Windy launches Satellite layer



  • @Gkikas-LGPZ @csabatatar It is visualisation of low temperatures - peaks in IR10.8 channel. So information is the same as in Infra, but Infra+ has additional colour palette.



  • @TZ
    is there a color scale? e.g. blue < -20C, red < -30C etc

    It would be great if the picker shows (cloud top) temperature
    19829085-4384-45ac-b527-7f3af21840ae-εικόνα.png



  • Love the idea. I know it can only improve as it goes through Beta stage testing.


  • Sailor

    It's really fabulous !! This addition is huge, congratulations to the team !



  • @Gkikas-LGPZ

    Detailed description of why we (weather satellite community) use this color scheme can be found e.g. here: https://cwg.eumetsat.int/color-enhancements/

    In brief - the color layout follows:

    1. Wien's displacement law - blue color represents warmer range, red coldest range (the same principle as color of stars in astronomy)
    2. Red is for a human brain a signal of some form of danger - in case of convective storms the most dangerous parts of storm tops are the highest tops, which are also the coldest ones.

    The typical color enhancement range for European (mid-latitude) storms is between 200K (red) and 240K (blue). For higher latitudes it needs to be shifted to the warmer range, while for tropics and subtropics it needs to be shifted to 190-230K, for the highest storms to 185-225K. It does NOT represent actual distribution and intensity of precipitation, though the coldest parts of storms are in most cases precipitating. In some cases even cirrus clouds (namely those in mountain waves or in a jet-stream) can be very cold, but without any precipitation.

    Martin Setvák, CHMI



  • Simply Fantastic



  • @setvak
    thank you for the definitions.
    Here in Windy (INFRA+) and for Mid-Latitudes, colored (blue) layer starts at 240K (-33C) ?
    Personally, I preffer to start "colorize" IR images from -20C, which is a typical temp. for TCU starting to become a CB (IMHO)



  • @Gkikas-LGPZ

    The reason for selecting 240K is that most storm anvils are at roughly this temperature (their warmest parts). When we were testing this color scheme about 12 years ago, we wanted to have the blue approx. outlining the storm anvils. Warmer temperatures depict also some of the lower, mid-level clouds, which we wanted to avoid.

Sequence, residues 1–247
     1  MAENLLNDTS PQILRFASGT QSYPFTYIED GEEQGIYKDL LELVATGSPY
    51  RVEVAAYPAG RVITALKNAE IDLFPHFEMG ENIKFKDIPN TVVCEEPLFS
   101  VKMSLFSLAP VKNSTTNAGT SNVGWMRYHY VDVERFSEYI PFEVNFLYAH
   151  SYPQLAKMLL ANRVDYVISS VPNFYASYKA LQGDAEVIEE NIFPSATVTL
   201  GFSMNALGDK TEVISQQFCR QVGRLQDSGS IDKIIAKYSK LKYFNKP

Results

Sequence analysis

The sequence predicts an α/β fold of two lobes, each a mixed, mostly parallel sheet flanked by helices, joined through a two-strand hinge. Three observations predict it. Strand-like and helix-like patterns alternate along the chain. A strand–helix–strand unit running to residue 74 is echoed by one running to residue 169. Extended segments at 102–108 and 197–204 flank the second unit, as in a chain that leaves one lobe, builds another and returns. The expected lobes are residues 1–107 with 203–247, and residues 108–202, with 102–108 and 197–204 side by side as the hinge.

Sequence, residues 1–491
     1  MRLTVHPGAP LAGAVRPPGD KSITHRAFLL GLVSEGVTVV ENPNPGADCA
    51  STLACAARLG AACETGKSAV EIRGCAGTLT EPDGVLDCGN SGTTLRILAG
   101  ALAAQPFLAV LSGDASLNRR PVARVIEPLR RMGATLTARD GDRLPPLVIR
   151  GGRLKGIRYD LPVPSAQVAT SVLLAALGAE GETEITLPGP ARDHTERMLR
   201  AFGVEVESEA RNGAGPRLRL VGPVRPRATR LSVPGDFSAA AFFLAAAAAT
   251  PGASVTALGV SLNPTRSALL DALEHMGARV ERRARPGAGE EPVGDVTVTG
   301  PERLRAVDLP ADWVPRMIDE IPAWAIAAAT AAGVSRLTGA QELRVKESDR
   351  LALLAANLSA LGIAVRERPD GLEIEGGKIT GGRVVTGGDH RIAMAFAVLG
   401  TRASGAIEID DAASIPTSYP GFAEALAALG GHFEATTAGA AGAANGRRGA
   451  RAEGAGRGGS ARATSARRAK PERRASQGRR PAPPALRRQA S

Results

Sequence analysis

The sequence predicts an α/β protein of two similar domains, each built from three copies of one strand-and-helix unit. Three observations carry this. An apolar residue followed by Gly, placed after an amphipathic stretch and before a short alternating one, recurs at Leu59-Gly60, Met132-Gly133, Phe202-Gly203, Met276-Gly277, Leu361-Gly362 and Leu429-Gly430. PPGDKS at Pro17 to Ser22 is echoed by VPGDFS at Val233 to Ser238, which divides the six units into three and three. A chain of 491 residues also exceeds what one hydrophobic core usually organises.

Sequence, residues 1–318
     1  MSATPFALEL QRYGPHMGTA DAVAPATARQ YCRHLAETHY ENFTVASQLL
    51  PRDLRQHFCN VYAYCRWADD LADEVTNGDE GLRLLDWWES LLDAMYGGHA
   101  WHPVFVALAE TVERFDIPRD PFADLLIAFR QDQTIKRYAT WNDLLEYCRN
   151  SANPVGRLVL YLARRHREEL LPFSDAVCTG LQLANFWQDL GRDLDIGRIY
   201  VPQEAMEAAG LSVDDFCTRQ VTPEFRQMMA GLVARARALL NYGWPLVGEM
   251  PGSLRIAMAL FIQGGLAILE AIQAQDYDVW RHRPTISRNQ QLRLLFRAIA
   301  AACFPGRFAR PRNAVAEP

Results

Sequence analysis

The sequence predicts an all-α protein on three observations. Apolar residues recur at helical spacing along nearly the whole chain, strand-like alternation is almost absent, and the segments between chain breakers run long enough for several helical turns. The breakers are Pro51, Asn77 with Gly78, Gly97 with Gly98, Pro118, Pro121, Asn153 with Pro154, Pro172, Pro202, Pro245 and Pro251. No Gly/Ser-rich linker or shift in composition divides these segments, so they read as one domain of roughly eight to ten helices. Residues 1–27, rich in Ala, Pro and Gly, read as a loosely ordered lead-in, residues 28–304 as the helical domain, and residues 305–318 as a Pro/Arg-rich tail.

• @Gkikas-LGPZ It should be as @setvak wrote, i.e. range 240-200K, because we tried to create same palette like CHMI. Unfortunately it seems that there is still some bug, so the colour values are shifted. We will fix it.
    I agree that it could be useful to shift colours for tropical/polar regions, but it could be misleading to use one colour for different temperatures in one picture. So this will probably remain constant.



  • @TZ
    You can try using some of the color palettes which are downloadable from the link above, or you can contact me directly by email. I would highly appreciate if the colors and their range can be the same (or very close) as on our website (http://portal.chmi.cz/files/portal/docs/meteo/sat/data_jsmsgview.html >> IR-BT), this way we would not confuse the public. EUMETSAT also uses the same color palette.
    Re: (not) shifting the color range: this was rather a note that other weather services modify the range depending on their latitude or geographical region; for global images (as those used by you) this is impossible. BTW, the color scale usability also depends at the given location on actual height of the tropopause - with lower tropopause (e.g. polar air intrusions) the storm top temperatures are generally warmer, thus in those cases the storm tops appear in IR-BT images more blueish ...



  • 5 min step, as well as some next 60 min prediction, would be very usefull



  • Hi Windfolk
    I use my ap for areas over the coast mostly. Great South Bay NY (southern Long Island)
    the current Sat image is very dark in all the water areas which it is not in most other sat images There is a lot of nuance there that is lost...Good luck and thanks for your work!



  • @setvak
    @TZ
    I fully understand the reason you use this color palette (240-200K).
    Is it possible to have the ability to read (using the picker) the cloud top temperature ?
    It would be very usefull for pilots (and aviation meteorologists) to know the temperature,
    for computing the cloud top height. So, they will know (during the climb phase) the height they will be "on top".
    Thank you again and congats for this new big feature.


  • Moderator

    @djare

    @djare said in Help us to test new Satellite layer:

    5 min step, as well as some next 60 min prediction, would be very usefull

    I don't think that prediction is available from EUMETSAT


  • Moderator

    @jmh2002 said in Help us to test new Satellite layer:

    WOW that's awesome!!!

    THANKS to Ivo, Milan, Tomas, Martin, Jakub, Jindra, and all of the Windy Team!

    Yeah, this layer is absolutely amazing. :) THX to WINDY Team



  • this came out phenomenal - really useful!



  • Damn this is so coool. Can't stop watching the animation of clouds, too hypnotizing _ And quality is awesome!



  • Hi
    I have a suggestion
    Merge the rain radar image with the satellite of clouds in one map



  • Aw! Those of us in Talkeetna, AK, are in the "V" of no coverage :(



  • This is great


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